Armenia and Belarus have pledged to complement their warm political rapport by building closer economic links, reduced to a trickle since the Soviet collapse. A treaty on "friendship and cooperation" signed in Yerevan on Saturday by Belarusian President Aleksandr Lukashenko and his Armenian counterpart Robert Kocharian calls for the expansion of relations between the two former Soviet republics.
The two leaders also presided over the signing of a package of intergovernmental agreements meant to facilitate Armenian-Belarusian cooperation in the areas of trade, education and legal affairs.
Lukashenko, in Yerevan on a two-day official visit, said he hopes that relations with Armenia will eventually become as close as they are now with Russia. But it was not clear if the flamboyant Belarusian leader, ostracized by the West for human rights abuses and a tight grip on power, hinted at Yerevan's membership of the Russia-Belarus union. The idea is ardently supported by some left-wing Armenian groups.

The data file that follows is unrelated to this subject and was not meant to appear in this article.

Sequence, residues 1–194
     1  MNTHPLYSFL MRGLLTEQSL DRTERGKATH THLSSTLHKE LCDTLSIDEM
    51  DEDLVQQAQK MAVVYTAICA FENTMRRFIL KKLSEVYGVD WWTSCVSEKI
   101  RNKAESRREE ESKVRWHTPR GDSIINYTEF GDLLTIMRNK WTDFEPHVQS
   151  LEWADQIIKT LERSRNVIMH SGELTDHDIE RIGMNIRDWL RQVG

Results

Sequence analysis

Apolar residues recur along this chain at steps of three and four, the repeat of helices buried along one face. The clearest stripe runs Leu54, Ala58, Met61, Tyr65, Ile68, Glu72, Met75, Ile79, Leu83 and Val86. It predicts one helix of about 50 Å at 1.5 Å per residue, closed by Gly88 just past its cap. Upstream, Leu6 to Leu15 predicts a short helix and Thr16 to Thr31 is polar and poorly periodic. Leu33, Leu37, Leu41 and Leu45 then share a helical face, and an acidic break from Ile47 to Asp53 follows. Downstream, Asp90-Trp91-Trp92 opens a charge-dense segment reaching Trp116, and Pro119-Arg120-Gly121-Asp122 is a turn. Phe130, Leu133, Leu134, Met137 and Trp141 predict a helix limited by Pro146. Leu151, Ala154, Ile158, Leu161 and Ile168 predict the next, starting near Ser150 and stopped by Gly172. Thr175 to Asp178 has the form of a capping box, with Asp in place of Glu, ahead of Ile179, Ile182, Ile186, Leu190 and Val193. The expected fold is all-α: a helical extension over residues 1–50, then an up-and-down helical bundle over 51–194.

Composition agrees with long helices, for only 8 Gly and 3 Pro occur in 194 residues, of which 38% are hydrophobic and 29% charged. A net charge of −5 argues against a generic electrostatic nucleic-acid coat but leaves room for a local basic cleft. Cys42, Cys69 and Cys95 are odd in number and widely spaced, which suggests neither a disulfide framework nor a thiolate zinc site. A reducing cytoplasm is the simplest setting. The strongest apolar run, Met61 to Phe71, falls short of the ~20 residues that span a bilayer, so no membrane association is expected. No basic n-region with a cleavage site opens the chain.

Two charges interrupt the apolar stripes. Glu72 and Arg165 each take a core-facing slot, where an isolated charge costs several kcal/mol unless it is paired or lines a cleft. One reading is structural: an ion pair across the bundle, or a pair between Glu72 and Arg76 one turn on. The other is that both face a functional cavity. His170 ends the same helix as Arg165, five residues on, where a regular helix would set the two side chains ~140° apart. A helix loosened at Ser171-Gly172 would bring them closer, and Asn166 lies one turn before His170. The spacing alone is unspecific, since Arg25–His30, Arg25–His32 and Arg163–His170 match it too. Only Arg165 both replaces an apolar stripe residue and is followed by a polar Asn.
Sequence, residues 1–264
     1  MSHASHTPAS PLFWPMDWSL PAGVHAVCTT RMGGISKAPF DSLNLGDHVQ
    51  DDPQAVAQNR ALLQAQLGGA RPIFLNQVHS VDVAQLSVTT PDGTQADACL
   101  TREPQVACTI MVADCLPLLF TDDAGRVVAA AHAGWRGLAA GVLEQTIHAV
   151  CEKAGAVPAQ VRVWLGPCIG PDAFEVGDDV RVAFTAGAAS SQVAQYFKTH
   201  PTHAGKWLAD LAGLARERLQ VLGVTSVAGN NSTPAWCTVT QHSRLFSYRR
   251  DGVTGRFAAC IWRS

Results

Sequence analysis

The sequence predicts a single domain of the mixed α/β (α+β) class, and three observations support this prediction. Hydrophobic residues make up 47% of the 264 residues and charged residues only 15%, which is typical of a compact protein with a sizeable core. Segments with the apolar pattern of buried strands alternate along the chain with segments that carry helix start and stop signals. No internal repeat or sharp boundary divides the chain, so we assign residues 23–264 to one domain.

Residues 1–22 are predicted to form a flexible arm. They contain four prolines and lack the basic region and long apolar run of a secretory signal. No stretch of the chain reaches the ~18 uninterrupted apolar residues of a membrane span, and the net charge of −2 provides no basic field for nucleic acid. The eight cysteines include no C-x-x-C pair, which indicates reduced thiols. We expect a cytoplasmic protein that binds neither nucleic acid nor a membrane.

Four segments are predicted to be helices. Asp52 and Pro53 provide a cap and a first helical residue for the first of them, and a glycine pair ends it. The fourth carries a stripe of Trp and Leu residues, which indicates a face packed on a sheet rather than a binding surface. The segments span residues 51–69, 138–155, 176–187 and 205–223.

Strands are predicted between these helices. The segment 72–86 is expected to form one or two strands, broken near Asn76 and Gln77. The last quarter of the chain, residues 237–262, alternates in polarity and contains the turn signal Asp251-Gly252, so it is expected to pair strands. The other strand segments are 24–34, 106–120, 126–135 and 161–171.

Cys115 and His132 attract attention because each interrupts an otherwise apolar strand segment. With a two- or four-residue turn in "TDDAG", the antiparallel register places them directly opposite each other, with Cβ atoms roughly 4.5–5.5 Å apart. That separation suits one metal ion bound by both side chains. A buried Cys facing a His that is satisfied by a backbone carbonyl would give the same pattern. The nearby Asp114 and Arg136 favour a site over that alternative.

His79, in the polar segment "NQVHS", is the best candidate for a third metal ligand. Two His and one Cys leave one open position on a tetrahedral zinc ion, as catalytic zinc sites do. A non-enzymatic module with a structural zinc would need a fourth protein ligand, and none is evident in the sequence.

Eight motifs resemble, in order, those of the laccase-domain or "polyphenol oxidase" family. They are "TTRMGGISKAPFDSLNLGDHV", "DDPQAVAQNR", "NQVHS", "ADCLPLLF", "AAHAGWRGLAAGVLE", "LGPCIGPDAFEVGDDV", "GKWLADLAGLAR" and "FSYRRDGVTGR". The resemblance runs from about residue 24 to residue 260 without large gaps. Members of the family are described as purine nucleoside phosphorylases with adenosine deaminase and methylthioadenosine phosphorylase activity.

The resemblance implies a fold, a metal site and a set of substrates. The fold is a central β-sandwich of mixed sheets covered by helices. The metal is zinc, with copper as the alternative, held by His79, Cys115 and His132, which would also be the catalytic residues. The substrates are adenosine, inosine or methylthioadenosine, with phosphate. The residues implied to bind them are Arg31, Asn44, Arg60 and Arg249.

"For Belarus there are no closed topics of cooperation with the friendly and fraternal Armenian republic," Lukashenko declared at a joint news conference with Kocharian.
The two men took part in Friday's summit in the Armenian capital of Russia and five other former Soviet republics that are signatories to the Collective Security Treaty. They said cooperation within the CST framework is an important component of Armenian-Belarusian ties. Yerevan and Minsk last year signed an agreement on military cooperation, paving the way for mutual supplies of weapons and ammunition.
The two presidents said after their talks that they will now seek to put a greater emphasis on economic relations, which have declined substantially since the break-up of the Soviet Union. The volume of bilateral trade between Armenia and Belarus stood at a modest $2 million last year.
Lukashenko said the difference in the two countries' economic systems will not be an obstacle to commercial exchange. "Money has no smell, you just have to pay it," he argued.